3. Hereby we shall have more Joy and Peace in our hearts: Oh what an Hell must every mans heart be that hath not some little light at least of this in * his Soul? What Legions of tormenting Doubts must needs possesse him, till he have some support this way? How can a man be sick, be in dan∣gers, be under the stroke of death, who hath no knowledge of any Good that God hath wrought in him? See how this supported Hezekiah in his Page  25 sicknesse, Remember, O Lord, how I have walked before thee with a true heart. And thus Paul is animated to look Death in the face, because he knew He had fought a good fight: and is not this the complaint of many languishing on their death-beds? Oh if they had Assurance, how willingly could they de∣part out of this world!

4. In the Usefulnesse of it, hereby we shall be enlarged and quickned up to all*holy Duties. He that hath this Hope purifieth himself, even as God is pure, 1 John 3. 3. And Having these Promises, saith the Apostle, viz. of God being our God, and we his people, Let us cleanse our selves from all filthinesse of flesh and spirit, 2 Cor. 7. 1. We believe, therefore we speak; and therefore it is an opinion against manifest Experience, that Assurance of Gods Love will beget Presum∣ption and carnal Security, whereas indeed this will be like fire in our bowels, wings to our Souls: Doth not the Childes Knowledge and Assurance that his Father loves him, beget all willingnesse, and readinesse of Obedience? And is not the Rule, Si vis amari, ama, Love if thou wouldst be loved? When there∣fore the Soul shall be perswaded that God in great Love hath wrought such mercies for him, Will not this make him seven times more enflamed to God?

In the third place, We have the Difficulty, few do attain unto it, and that from * these grounds,

First, Where the sense and feeling of the guilt of sinne is, there we present∣ly look upon God as an Enemy, think of him as of a Man that cannot for∣give, but will certainly avenge. Thus Cain and Judas, how prone were they to despair! And therefore the word to Assure, 1 John 3. 19. signifieth Per∣swade, implying that our Hearts have many froward and peevish Ob∣jections; and we are many times as Rachel mourning, and would not be com∣forted.

Secondly, It ariseth from the desperate Hypocrisie and falsenesse of our Hearts.* This is urged by the Papists too farre, as if it were such a Deep, that the Spi∣rit of God also could not assure us what we are; but thus farre it manifesteth, That Comfort or Assurance is not a Flower that groweth in our Garden, but if the Spirit of God should not both work Grace in us, and give us eyes to discern it, we should remain in a dark Chaos.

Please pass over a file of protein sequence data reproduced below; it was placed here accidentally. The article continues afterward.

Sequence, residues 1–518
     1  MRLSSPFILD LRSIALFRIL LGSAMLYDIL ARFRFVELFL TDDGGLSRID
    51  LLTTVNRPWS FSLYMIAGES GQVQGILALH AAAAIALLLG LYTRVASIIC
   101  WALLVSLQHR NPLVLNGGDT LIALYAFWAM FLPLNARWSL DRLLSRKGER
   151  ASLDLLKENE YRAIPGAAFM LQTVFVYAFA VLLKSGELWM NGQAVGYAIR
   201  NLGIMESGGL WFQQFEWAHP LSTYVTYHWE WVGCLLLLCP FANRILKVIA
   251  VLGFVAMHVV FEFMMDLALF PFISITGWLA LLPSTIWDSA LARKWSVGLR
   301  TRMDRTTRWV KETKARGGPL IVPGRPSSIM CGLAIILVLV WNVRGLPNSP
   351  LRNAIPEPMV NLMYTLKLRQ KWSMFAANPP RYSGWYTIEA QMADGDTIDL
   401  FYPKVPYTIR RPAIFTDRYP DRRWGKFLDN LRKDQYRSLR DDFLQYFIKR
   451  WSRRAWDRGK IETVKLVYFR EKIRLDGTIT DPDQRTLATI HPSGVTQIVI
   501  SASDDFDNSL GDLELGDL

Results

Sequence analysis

Thirdly, It ariseth from our pronenesse to walk negligently and carelesly. We * are beaten down with many Temptations, and therefore do quickly lose our hopes; for this Assurance is preserved in the continual exercise of Grace. Hence the Apostle useth two words 〈 in non-Latin alphabet 〉, The rather give all Diligence to make your Calling and Election sure, 2 Pet. 1. 10. Implying that if we walk not carefully in the use of all the means of Grace, which God hath appointed, we cannot obtain it; but now, how are we in coldness, lukewarmness, earthliness, &c. often, and so grieve that Spirit of God which would seal us?

Fourthly, It is Difficult from outward Causes, as first from Satan, who hath fiery*Darts, is a Manslayer from the beginning, and endeavours to keep in doubts and fears, that so at last we may be even wearied out, and rage against God. When the Devil cannot hinder us in our Duties, he doth it in our Comforts and Conso∣lations; as the Spirit of God is the Comforter, because of that special benefit it brings to the people of God; So the Devil is the Tempter, and watcheth the opportunity to throw bitter wormwood into every condition we are in: As the Pirates do beset and wait for those ships that are fullest of gold, and other trea∣sures; yea therefore never are wicked men cast down with those fears and trou∣bles as the godly are; They know not the meaning of spiritual Temptations, nor what it is to have the light of Gods countenance denied them.